Federal Food Assistance: Hurricane Katrina

This report discusses the federal food assistance programs for those affected by Hurricane Katrina, making them automatically eligible for maximum benefits. It also is providing substantial amounts of direct food aid drawn from its commodity stocks.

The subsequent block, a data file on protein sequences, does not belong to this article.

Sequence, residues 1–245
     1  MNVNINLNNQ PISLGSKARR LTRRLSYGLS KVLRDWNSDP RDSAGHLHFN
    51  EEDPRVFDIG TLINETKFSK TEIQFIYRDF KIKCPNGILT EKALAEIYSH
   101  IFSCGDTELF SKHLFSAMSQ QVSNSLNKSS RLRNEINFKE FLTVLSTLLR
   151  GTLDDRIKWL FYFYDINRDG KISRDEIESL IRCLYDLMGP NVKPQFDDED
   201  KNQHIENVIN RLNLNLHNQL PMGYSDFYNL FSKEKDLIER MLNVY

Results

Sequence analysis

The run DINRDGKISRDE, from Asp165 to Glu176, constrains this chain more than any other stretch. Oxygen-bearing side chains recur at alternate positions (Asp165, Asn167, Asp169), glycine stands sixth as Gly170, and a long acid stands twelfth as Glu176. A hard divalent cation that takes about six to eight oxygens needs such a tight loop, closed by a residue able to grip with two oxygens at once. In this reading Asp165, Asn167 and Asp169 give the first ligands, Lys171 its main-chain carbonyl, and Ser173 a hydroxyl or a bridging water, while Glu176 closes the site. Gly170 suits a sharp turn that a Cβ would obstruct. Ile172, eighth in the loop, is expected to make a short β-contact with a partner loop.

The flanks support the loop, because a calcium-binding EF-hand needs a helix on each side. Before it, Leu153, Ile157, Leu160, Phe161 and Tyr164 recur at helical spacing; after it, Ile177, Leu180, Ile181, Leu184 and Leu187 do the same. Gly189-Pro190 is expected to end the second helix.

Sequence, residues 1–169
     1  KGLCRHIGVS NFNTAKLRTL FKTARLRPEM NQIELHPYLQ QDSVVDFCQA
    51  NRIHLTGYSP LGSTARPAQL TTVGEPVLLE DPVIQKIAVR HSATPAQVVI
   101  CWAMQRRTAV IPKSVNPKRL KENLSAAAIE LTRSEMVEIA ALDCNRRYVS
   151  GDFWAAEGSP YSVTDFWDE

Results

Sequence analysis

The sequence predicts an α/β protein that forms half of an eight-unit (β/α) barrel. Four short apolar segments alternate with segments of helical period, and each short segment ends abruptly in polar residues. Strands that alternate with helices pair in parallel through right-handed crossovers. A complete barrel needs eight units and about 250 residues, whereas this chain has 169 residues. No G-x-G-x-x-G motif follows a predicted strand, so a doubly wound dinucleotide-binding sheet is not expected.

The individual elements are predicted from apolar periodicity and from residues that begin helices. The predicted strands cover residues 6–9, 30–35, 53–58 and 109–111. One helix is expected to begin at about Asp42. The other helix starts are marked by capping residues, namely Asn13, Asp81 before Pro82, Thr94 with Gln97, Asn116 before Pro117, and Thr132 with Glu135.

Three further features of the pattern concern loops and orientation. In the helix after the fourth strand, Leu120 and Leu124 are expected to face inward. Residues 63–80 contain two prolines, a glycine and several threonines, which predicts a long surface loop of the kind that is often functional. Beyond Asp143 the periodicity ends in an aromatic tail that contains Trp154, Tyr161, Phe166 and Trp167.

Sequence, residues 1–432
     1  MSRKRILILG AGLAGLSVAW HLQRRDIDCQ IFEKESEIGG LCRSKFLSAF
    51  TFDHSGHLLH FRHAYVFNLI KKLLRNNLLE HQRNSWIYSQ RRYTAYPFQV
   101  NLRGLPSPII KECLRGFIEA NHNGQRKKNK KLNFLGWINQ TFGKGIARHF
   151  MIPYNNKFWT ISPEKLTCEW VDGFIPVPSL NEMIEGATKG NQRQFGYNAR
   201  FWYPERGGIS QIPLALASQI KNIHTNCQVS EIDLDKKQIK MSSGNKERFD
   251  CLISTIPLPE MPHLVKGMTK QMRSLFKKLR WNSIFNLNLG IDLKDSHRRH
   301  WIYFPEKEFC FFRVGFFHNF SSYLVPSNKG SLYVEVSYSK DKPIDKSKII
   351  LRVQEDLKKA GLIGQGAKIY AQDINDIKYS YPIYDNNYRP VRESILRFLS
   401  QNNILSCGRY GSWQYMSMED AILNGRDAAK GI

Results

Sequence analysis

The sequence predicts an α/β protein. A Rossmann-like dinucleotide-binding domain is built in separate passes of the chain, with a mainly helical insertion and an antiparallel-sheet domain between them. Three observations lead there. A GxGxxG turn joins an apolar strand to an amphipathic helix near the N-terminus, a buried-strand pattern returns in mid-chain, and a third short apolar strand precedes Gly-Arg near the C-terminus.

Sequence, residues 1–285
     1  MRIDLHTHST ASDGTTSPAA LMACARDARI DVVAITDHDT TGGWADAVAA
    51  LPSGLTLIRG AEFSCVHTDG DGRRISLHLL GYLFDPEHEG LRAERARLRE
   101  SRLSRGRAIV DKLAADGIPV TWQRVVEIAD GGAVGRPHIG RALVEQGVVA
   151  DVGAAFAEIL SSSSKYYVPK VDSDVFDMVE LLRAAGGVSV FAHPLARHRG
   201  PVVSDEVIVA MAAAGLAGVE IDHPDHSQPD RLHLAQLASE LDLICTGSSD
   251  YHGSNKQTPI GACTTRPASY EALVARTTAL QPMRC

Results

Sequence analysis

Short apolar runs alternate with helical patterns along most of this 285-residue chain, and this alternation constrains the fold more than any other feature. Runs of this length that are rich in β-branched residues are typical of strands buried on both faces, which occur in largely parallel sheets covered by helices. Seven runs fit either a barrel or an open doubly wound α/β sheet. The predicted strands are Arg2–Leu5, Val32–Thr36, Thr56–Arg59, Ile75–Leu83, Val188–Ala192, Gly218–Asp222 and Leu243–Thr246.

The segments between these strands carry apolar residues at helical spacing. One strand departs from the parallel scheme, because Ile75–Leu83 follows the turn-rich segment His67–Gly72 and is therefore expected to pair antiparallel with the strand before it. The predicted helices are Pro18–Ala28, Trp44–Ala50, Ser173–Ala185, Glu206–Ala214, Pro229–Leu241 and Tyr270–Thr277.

Order Code RS22258 September 13, 2005 CRS Report for Congress Received through the CRS Web Federal Food Assistance: Hurricane Katrina Joe Richardson Domestic Social Policy Division Summary The Agriculture Department has effectively waived most eligibility and benefit rules governing food assistance programs for those affected by Hurricane Katrina, making them automatically eligible for maximum benefits. It also is providing substantial amounts of direct food aid drawn from its commodity stocks. However, a number of potential issues remain, for example, paying for administrative and commodity distribution costs, how long to continue current waiver policies, the degree of equity in current food stamp waiver rules, and whether to provide more than current maximum benefits to hurricane victims. This report will be updated. There are a number of federal food assistance efforts that can provide help in the case of emergencies or disasters like Hurricane Katrina. The most important are the Food Stamp program, child nutrition programs (e.g., school meal programs), the Special Supplemental Nutrition Program for Women, Infants and Children (the WIC program), and federally donated food commodities.1 What Executive and Congressional Entities Have Jurisdiction? All these efforts are under the aegis of the federal Agriculture Department (USDA), although states have very important roles (in some cases, they must ask for federal action to change rules). Congressional committee jurisdiction is divided. In the Senate, the Agriculture, Nutrition, and Forestry Committee has jurisdiction over legislation relating to all the above-mentioned programs. In the House, legislative jurisdiction is split. The House Agriculture Committee has authority over laws relating to food stamps and donated commodities, while the Committee on Education and the Workforce has jurisdiction over child nutrition and WIC programs (and, to a limited extent, food commodities donated through child nutrition programs). As to appropriations, the House and Senate Agriculture Appropriations subcommittees have responsibility for the aforementioned programs. 1 Other avenues of potential government assistance include the Emergency Food and Shelter program, operated under the Federal Emergency Management Administration (FEMA), and meal programs supported through the Older Americans Act. Congressional Research Service ˜ The Library of Congress CRS-2 What Are The Legislative Authorities for Food Assistance in Disasters? The Food Stamp Act and the Robert T. Stafford Disaster Relief and Emergency Assistance Act contain broad authority for the Secretary of Agriculture to waive normal program rules in the case of emergencies/disasters like Hurricane Katrina. They effectively allow the Secretary to greatly liberalize (or abrogate) eligibility rules and stipulations as to how states are held accountable for errors in program administration. However, they do not permit waiver of some important rules like state cost-sharing requirements. In addition, the Secretary has the authority to acquire and distribute food commodities in the case of emergencies/disasters. These can be newly acquired commodities (using the money and commodities provided through Section 32 of the Act of August 24, 1935, and the Commodity Credit Corporation) and food diverted from stocks normally available for school meal programs, The Emergency Food Assistance Program (TEFAP), the Commodity Supplemental Food Program (CSFP), and the Food Distribution Program on Indian Reservations (FDPIR).2 What Funding is Available? Most federally supported food assistance — food stamps, child nutrition programs, and commodity distribution — is classified as entitlement (i.e, mandatory) funding. This means that funding is effectively guaranteed for any benefit paid under the program. While these programs typically have contingency funding available, special appropriations may be necessary in the case of very large emergencies/disasters like Hurricane Katrina. Moreover, new appropriations may be needed to replenish commodity stocks diverted to emergency/disaster needs. On the other hand, the WIC program is discretionary, and any new federal support must be appropriated. What Has Been Done? Food Stamps. Under the Food Stamp Act, states (which administer the Food Stamp program) are required to have a plan for dealing with emergencies/disasters that disrupt the normal course of commerce. However, they must request (from the Agriculture Department’s Food and Nutrition Service) approval of changes in their food stamp rules to deal with an emergency/disaster. The Act also requires that the federal government (1) establish temporary emergency standards of eligibility for the duration of an emergency/disaster that disrupts commercial channels of food distribution, (2) establish a Food Stamp Disaster Task Force, (3) provide for emergency benefits to pay for food lost in an emergency/disaster, (4) adjust food stamp eligibility and benefit rules consistent with the conditions in the affected area, and (5) waive penalties for administrative errors (e.g., eligibility determinations) made during the emergency/disaster. Under these procedures, normal food stamp eligibility 2 It should be noted that TEFAP, the CSFP, and the FDPIR also are programs that can be used to help in emergencies/disasters. CRS-3 requirements — including financial and work requirements — can be effectively waived and most, if not all, applicant and recipient households in (or from) an affected area given at least a full month’s food stamp benefit. The Agriculture Department has approved three sets of eligibility rules for those affected by Hurricane Katrina. In all cases, food stamp work requirements are waived and applicants are not asked about their citizen status. In addition, the regular food stamp rule barring the use of benefits to purchase hot prepared foods has been waived for affected areas, states have been authorized to “pre-load” food stamp electronic benefit transfer (EBT) cards for applicants from affected areas with $50 worth of benefits before applications are processed, and states have been held harmless for any errors they make in judging eligibility or benefits. As to household eligibility — 3 ! In the affected areas (e.g., Louisiana, the southern counties of Mississippi and Alabama), pre-existing emergency/disaster assistance program rules apply. Applicants must — without the need to specifically document — claim residence in an affected area, and claim damage to their homes, expenses related to protecting their homes, lost income as the result of the disaster, or no access to bank accounts or other financial resources.3 Regular food stamp income and asset limits are used (claimed, without the need to verify). Monthly income must be under 130% of the federal income poverty level, and liquid assets must be less than $2,000 (or $3,000 for elderly or disabled persons). But, when judging eligibility and calculating a benefit, maximum “deductions” are used (this increases benefits based on a household’s expenses), only accessible liquid resources are counted when determining household assets, and counted income is reduced by any disaster-related expenses not expected to be reimbursed. One-month’s maximum benefits typically are issued under these emergency/disaster assistance rules. Households already participating in the Food Stamp program can request a change in their benefit based on an emergency/disaster situation (e.g., loss of income, new expenses, loss of food supplies); however, pre-emergency/disaster benefit levels typically return after one month. ! For evacuees in states other than Texas, using a policy put forward on September 9, 2005, states may provide expedited services, treat the applicant household separately from those with whom they are staying (not count the financial resources of the household with whom they may be residing), and provide one month’s maximum benefits. Evacuees generally are not subject to normal food stamp financial eligibility tests and rules governing benefit calculations and do not have to provide documentation. ! For evacuees in Texas, the Agriculture Department has approved a waiver effectively making any evacuee household automatically eligible for three months’ maximum benefits. Affected persons also may apply as homeless households (under normal food stamp rules) and receive special treatment. CRS-4 Food stamp benefits are issued through “electronic benefit transfer” (EBT) cards that work like debit cards. EBT cards issued in any part of the United States are usable in other states and can be replaced or replenished with new benefits. However, households qualifying for food stamps must have a place (e.g., a grocery store) that can transact their EBT card. In an emergency/disaster situation this can be difficult, and households qualifying for benefits may have no place to use them. In this case, the Agriculture Department is providing food commodities (discussed below). Child Nutrition Programs. Child nutrition programs — primarily, the School Lunch and Breakfast programs, the Child and Adult Care Food Program (CACFP), and the Summer Food Service program — do not have specific legislative provisions dealing with emergencies/disasters. But the Robert T. Stafford Disaster Relief and Emergency Assistance Act grants the Secretary of Agriculture broad discretionary authority to waive rules relating to eligibility for free meals served under these programs and other program requirements. Exercising this authority, the Agriculture Department has (1) allowed schools in affected areas to serve all meals free (with accompanying federal subsidies), (2) exempted schools in affected areas from normal meal pattern requirements, (3) permitted evacuee children to be considered homeless and eligible for free federally subsidized meals, and (4) allowed summer program operations to extend beyond September. In addition, states may effectively designate any facility as an emergency shelter (all children and disabled adults in these shelters can receive federally subsidized free meals/snacks), and rules governing federal subsidies for meals/snacks served in day care centers, family day care homes, and after-school programs have been relaxed to allow support for free meals/snacks served to affected children (effectively treating them as homeless). In all of the above cases, those getting emergency food stamp benefits are automatically eligible for free meals/snacks served by a participating school, day care center/home, or afterschool program, and normal eligibility documentation requirements have been waived. The WIC Program. As with child nutrition programs, the WIC program has no specific legislative authority relating to emergency/disaster assistance. However, the Robert T. Stafford Disaster Relief and Emergency Assistance Act allows the Agriculture Department to waive various rules. The Department has waived most rules governing eligibility documentation and made clear that WIC vouchers can be used by evacuees at any vendor (without regard to the state of issuance). However, it is important to note that the WIC program is a grant program limited by its appropriation, and a given state (e.g., Louisiana, Texas) only has the resources provided by its annual grant. Commodity Distribution. The Robert T. Stafford Disaster Relief and Emergency Assistance Act and provisions of Agriculture Department law (e.g., Section 32, noted above) give the Secretary of Agriculture the ability to acquire and divert food commodity stocks in the case of emergencies/disasters. Using these authorities, the Agriculture Department has provided food to congregate feeding sites (e.g., emergency shelters) and additional food items in the form of household-size packages. According to the Department, about 400 truckloads of commodities (15 million pounds) have been made available as of September 7, 2005. CRS-5 Contacts. Detailed information as to the Agriculture Department’s response relating to food assistance and Hurricane Katrina can be found at the following website: www.fns.usda.gov. Potential Issues While the Agriculture Department has moved to make substantial changes in food assistance program rules in response the Hurricane Katrina, several issues are likely to arise. ! Affected states will face major food stamp administrative costs. Current law (no waiver allowed) requires that states pay roughly 50% of the cost of administering food stamps. A larger federal share may be asked for. ! The waivers of food assistance program rules currently in place are timelimited — typically for one to three months. However, the effects of Hurricane Katrina are likely to last longer, and an extension may be called for. ! Food stamp rules related to Hurricane Katrina differ by state. Equity issues may be raised because those in affected areas are treated differently than evacuees. ! Commodity stocks used to provide food for hurricane victims will have to be replenished in order to continue regular food assistance under school meal programs, the CSFP, the FDPIR, and TEFAP. ! While the CSFP and TEFAP are receiving additional food commodities, extra assistance for distribution costs may be necessary. ! Higher food costs may prompt calls for added benefits, for example, a higher maximum food stamp benefit for affected households, and larger federal school lunch subsidies. ! Additional WIC program funding for affected states may be needed, given that it is a discretionary grant program. ! There may be longer-term administrative problems brought on by Hurricane Katrina, for example, how to deal with duplicate benefits and the effects of errors made in eligibility/benefit determinations.